I've found a few other books that talk about this subject (a few? Try hundreds), and while I still want to keep reading up on the subject, I also think I need to take a break. Reading all these books about it only makes me overthink things, and I'm already a worrier ... so now that we're on the edge of the three-week countdown, I'm thinking that it would be much less stressful if I put my energy towards letting it ride ... I've made my decision, and I couldn't be happier with it. I love my Dear, and I'm so thrilled and lucky to be able to marry my sweetheart. To me, he's the most heartbreakingly handsome man in any room, and there aren't too many people who can make me laugh as hard. We have a great partnership, and we have everything that we need to take the next leap of faith. I'm tying on my Dear-shaped parachute and venturing forth.

Watermelon Gazpacho

I've been trying to make some new goals for myself. Small goals that are easily obtainable and I'm hoping will make differences in several different aspects of my life. One of these I mentioned earlier: eating a little more locally. This can sometimes be difficult, but so far I feel like I've at least managed to make some healthy and delicious meals for myself and Dear. This will probably become even easier as the summer progresses and the Farmers Markets get more stocked and my own garden starts generating (or even ... once I get it planted).

Another goal that I've set is to make at least one vegetarian meal a week. I figure this will help Dear and I save a little on expensive produce (especially produce that's chockfulla hormones and who knows what else) and try out new recipes to boot. I've started reading a couple blogs that promote vegetarian eating, and there are some really great recipes to be found (check out my friend and fellow Purchase alum, The Cozy Herbivore).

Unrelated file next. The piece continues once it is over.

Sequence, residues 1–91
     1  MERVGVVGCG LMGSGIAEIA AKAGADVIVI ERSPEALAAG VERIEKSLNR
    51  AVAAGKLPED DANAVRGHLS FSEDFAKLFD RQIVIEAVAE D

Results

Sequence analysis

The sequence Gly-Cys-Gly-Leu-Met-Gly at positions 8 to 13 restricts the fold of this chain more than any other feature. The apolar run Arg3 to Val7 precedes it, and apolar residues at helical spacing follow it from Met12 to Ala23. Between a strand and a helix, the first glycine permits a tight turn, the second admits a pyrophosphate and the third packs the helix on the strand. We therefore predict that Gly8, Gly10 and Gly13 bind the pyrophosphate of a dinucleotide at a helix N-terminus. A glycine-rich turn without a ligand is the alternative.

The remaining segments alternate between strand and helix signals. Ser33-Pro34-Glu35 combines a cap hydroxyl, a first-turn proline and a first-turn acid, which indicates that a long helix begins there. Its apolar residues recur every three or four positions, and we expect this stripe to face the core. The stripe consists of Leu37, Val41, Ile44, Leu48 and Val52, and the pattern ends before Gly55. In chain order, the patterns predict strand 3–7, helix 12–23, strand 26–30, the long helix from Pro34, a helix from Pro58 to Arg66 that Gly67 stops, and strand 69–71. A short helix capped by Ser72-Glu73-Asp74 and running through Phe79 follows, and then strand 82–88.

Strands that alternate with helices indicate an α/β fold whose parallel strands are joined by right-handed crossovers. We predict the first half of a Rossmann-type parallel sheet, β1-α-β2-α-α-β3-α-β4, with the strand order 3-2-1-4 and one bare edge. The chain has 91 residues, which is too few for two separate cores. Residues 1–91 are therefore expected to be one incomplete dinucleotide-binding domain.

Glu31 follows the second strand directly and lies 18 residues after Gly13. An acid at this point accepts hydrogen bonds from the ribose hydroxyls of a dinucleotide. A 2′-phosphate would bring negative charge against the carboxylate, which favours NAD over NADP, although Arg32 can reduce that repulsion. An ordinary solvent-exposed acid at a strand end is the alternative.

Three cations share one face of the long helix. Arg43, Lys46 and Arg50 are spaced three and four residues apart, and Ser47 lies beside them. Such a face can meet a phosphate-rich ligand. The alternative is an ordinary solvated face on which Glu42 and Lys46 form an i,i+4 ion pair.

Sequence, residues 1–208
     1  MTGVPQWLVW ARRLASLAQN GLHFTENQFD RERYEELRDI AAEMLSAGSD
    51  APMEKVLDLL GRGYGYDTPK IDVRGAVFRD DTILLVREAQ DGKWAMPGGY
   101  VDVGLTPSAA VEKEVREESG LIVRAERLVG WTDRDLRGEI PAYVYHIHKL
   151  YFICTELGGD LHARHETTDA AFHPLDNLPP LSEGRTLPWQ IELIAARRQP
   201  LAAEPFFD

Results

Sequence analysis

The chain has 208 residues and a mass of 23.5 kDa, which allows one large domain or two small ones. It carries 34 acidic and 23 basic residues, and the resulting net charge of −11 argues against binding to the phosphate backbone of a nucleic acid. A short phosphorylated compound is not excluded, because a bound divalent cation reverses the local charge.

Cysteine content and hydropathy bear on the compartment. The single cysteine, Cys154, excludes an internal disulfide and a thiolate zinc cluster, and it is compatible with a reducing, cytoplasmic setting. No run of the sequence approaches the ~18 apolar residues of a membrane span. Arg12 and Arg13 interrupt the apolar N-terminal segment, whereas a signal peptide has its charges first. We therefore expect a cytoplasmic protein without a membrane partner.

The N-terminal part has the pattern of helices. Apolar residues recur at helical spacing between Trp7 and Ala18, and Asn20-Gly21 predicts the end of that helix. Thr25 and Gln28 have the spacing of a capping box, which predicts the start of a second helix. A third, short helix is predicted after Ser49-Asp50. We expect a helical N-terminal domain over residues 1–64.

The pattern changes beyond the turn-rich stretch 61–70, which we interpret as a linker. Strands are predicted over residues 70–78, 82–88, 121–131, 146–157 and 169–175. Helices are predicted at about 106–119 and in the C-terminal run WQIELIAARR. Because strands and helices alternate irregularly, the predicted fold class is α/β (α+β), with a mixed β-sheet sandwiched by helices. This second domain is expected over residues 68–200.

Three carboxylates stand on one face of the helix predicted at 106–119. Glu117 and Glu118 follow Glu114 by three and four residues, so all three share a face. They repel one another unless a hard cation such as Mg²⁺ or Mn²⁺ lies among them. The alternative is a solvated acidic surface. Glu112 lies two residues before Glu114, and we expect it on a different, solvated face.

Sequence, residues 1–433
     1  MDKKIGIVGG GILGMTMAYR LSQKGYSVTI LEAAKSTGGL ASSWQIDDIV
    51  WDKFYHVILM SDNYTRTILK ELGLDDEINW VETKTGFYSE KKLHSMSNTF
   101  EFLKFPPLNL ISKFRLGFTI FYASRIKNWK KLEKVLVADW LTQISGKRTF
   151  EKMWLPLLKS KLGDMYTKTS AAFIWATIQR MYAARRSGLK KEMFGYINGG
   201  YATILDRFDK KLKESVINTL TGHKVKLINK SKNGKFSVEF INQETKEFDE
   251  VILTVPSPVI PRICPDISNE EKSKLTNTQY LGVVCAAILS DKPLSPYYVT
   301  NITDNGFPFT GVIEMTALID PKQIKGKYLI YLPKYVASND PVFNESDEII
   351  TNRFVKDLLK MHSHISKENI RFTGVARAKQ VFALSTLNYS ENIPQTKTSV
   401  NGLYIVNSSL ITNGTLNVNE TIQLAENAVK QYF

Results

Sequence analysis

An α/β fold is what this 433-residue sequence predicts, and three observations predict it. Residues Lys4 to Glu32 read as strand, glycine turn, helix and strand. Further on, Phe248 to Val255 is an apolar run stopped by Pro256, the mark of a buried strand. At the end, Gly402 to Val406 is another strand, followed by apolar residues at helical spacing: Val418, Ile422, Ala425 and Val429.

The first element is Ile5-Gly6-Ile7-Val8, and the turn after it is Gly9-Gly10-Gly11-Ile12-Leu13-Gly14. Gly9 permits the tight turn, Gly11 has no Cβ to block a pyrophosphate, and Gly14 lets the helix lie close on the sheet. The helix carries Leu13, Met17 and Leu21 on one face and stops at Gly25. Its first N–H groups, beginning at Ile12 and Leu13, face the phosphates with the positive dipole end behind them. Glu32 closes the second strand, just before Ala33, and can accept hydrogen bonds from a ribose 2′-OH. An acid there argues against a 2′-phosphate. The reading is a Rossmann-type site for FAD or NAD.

This week, I tried a recipe that I had a few years ago and have just never made myself: Watermelon Gazpacho. This is a fairly simple and tasty recipe, served cold like the traditional Gazpacho. It's a great kick-off to summer, and even better in the dead heat of Midsummer, taking advantage of all sorts of different flavors. Be forewarned: there is a LOT of chopping that goes into this. You might be most comfortable pulling a chair up to your counter, or setting a few towels down on the table and sitting while you chop. The messiest part is the juicy watermelon and tomatoes, but other than that, it's super easy! Beware of the serrano pepper, too -- it can burn your skin. I wore clean dishgloves while I chopped mine, but you can use regular rubber gloves from the cleaning aisle, as long as they are CLEAN. Please use common sense -- don't use the rubber gloves you scrubbed the toilet with over the weekend, for the love of Pete.

Watermelon Gazpacho

8 c seedless watermelon (about 1 1/2 of the tiny watermelons)
4 c tomato (about six or seven in total)
4 large avocados
1 cucumber
1 serrano pepper, seeded
2 T olive oil
Salt and Pepper to taste

Put 7 cups of the watermelon and 3 1/2 cups of the tomatoes into a blender and puree until smooth. Transfer puree into a large bowl using a fine mesh strainer to separate the solids. Press as much of the solids through as will go, then throw the rest out.

Finely chop the remaining ingredients and toss them in with the pureed watermelon and tomato mess. Add salt and pepper to taste, and stir gently. Cover and refrigerate at least one hour before serving. Garnish with feta or goat cheese and fresh dill.